An era ends…

Published 8:13 am Friday, April 16, 2010

FRANKLIN—Thursday afternoon’s shift change at the International Paper Co. mill in Franklin had all the appearances of being a normal, routine activity.

Just as some of them had done thousands of times before, workers emerged from the beige, single-story building at the entrance to the mill and trickled into the parking lot to find their cars and go home.

But for all of the workers, Thursday was anything but a normal day at the mill. It was the last day paper would be made there. The Nos. 4 and 5 machines at the mill were shut down on Thursday.

“This is a sad day,” said Donnie Dunlow, a North Carolinian with 26 years of service at the mill. “There’s not many people left to talk to. Everybody is still in shock at something that’s been here this long and is now just all of a sudden going down.”

Dunlow, who works in instrumentation at the mill, said today will be his last day working there. On Monday he starts a new job in North Carolina.

“It’s a sad time,” Dunlow said. “It’s all running together.”

John Hopkins, a resident of Franklin and a mill employee for 33 years, said he knew Thursday — the last day of operation for the final two paper machines at the mill — was coming, but the day was still a bit of a shock when it arrived.

“I knew it was coming,” Hopkins said Thursday. “I didn’t know if it would be this soon or not. I didn’t realize it would be this quick.”

Hopkins, who is attending Paul D. Camp Community College for warehouse training, described the work pace at the mill as slow and said his co-workers were depressed.

“You’ve got a lot of time on your hands to think about stuff,” Hopkins said. “When you’ve got too much time on your hands, you tend to think about too much stuff and get even more depressed.”

Tony Edwards, a resident of Black Creek and an employee of the mill for 35 years, agreed that other mill workers were depressed.

“It’s the same way it’s been for the last couple of months,” Edwards, a resident of Black Creek, said Thursday. “It’s depressing to come to work.”

Edwards said he works as a millwright in the mill’s bleach area. He said the next few weeks of his employment would be spent “opening up tanks and chests and securing them.” His last day will be May 14.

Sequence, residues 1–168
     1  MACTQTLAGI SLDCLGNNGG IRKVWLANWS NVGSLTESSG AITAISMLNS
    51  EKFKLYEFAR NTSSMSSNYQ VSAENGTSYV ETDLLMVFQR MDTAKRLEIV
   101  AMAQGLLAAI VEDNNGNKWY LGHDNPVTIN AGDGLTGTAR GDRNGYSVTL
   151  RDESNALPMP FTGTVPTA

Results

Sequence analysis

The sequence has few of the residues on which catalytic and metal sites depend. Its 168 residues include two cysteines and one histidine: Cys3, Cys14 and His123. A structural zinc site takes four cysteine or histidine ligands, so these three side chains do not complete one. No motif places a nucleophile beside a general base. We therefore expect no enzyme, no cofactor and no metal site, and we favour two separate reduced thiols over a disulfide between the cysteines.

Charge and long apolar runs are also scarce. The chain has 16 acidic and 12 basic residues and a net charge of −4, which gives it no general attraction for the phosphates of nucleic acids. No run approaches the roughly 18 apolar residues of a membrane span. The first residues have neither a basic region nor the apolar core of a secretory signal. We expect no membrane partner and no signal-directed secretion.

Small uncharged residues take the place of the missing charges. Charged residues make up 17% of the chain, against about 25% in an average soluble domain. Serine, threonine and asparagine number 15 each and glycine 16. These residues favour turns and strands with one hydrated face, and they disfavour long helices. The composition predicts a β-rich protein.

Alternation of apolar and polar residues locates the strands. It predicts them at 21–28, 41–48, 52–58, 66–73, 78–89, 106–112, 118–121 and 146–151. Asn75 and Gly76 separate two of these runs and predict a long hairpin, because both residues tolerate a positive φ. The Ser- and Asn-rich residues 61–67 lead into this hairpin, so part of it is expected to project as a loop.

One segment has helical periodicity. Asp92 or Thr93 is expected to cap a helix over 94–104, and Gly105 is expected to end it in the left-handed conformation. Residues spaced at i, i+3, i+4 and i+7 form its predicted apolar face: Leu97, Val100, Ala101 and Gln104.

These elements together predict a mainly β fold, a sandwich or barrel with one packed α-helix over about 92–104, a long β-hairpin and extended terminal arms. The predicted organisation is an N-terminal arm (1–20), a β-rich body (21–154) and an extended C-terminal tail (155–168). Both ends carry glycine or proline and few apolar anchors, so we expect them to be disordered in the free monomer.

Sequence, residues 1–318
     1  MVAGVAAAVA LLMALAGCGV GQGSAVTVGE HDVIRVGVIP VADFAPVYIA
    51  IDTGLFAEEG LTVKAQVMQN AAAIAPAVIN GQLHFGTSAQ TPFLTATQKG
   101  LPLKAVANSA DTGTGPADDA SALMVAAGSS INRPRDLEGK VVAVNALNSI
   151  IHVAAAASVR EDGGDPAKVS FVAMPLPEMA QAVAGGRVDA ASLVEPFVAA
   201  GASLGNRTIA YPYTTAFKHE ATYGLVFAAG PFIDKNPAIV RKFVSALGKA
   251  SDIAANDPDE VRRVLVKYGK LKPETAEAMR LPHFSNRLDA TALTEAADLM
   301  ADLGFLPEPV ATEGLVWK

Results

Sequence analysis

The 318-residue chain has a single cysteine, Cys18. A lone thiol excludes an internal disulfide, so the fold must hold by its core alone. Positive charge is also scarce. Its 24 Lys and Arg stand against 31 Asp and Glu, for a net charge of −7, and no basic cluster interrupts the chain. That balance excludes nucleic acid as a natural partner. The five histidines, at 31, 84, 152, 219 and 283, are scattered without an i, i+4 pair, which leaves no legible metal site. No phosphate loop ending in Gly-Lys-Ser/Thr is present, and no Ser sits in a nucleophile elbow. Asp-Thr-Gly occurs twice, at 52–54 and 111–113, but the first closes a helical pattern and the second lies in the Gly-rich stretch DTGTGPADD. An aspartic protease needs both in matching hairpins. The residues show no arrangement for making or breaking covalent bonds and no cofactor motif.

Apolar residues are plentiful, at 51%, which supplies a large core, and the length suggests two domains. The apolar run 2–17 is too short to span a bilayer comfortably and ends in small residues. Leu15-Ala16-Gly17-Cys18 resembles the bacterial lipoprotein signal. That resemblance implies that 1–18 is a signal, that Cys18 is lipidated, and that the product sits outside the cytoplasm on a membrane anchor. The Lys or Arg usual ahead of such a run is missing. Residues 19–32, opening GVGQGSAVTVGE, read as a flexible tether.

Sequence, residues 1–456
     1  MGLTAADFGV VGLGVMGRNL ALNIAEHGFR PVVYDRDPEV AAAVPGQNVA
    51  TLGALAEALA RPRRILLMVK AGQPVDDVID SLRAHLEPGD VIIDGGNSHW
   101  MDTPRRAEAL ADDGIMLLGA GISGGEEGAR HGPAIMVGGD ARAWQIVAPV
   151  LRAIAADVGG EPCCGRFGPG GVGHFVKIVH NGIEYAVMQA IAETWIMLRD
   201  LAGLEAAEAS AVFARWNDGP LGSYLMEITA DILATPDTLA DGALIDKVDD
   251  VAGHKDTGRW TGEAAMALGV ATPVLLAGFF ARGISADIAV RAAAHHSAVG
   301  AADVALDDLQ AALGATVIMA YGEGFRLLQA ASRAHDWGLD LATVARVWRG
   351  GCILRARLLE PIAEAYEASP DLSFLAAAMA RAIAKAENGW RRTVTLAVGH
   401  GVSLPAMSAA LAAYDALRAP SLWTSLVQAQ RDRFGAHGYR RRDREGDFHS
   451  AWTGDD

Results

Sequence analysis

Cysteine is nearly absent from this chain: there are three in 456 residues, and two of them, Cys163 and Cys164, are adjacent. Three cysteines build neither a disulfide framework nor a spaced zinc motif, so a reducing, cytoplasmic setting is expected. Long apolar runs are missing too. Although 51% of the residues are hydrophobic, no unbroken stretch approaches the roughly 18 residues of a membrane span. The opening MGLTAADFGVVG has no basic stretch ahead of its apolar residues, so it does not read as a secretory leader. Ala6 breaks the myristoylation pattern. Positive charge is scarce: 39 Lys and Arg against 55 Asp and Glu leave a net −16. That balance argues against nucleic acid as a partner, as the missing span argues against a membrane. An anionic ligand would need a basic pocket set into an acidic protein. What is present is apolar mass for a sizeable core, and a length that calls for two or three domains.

“I’m actively seeking employment. I’ve got to find something,” Edwards said. He added that he has pursued jobs at the Norfolk Naval Base and at the Northrop Grumman shipyard.

Today will also be the last day of work at the mill for Carla Vaughan, a 21-year mill veteran whose current job is to check consistencies. She plans to move to Georgetown, S.C. to reunite with her husband, Doug, a mill supervisor at the IP facility there.

Asked what emotions were going through her mind, Vaughan said, “Mostly it’s the part about saying goodbye to people that you’ve worked with for so long. They’re like your family over here. Whether you want to have them as your family or not, they are.”

Ray Pierce, a maintenance welder from Suffolk with 34 years at the mill, agreed with Vaughan and said his soon-to-be former co-workers were like family to him as well. His last day is May 14.

“We grew up together,” Pierce said Thursday. “I just hope that we can find the same camaraderie somewhere else.”

One of Pierce’s neighbors, C.L. Carr, has 38 years at the mill and currently works in mechanical maintenance. His last day is also May 14.

“Everybody is maintaining, taking it one day at a time,” Carr said of his co-workers. “We’re just waiting for it to be over.”

Asked what his future plans are, Carr joked, “Not to go back and work for International Paper. (But) I’m just going to take it one day at a time for awhile and then this fall I’ll figure it out.”

At Fred’s Restaurant in nearby downtown Franklin, manager David Rabil was optimistic about the future.

“We need a fresh start,” Rabil said Thursday. “Once that thing shuts down and those 35 office people go to Suffolk and we don’t have any sign of IP over there, it might be a good thing. We might be able to get our mind shut off of depending on (IP) and work on keeping ourselves going on. We can’t roll over and give up.”

By shutting down the last two machines, IP has made it clear that paper production is now in Franklin’s past.

Vaughan said it was now in her past, too.

“The only thing I want to do with paper (from now on) is either write on it or print it out of my printer,” she said.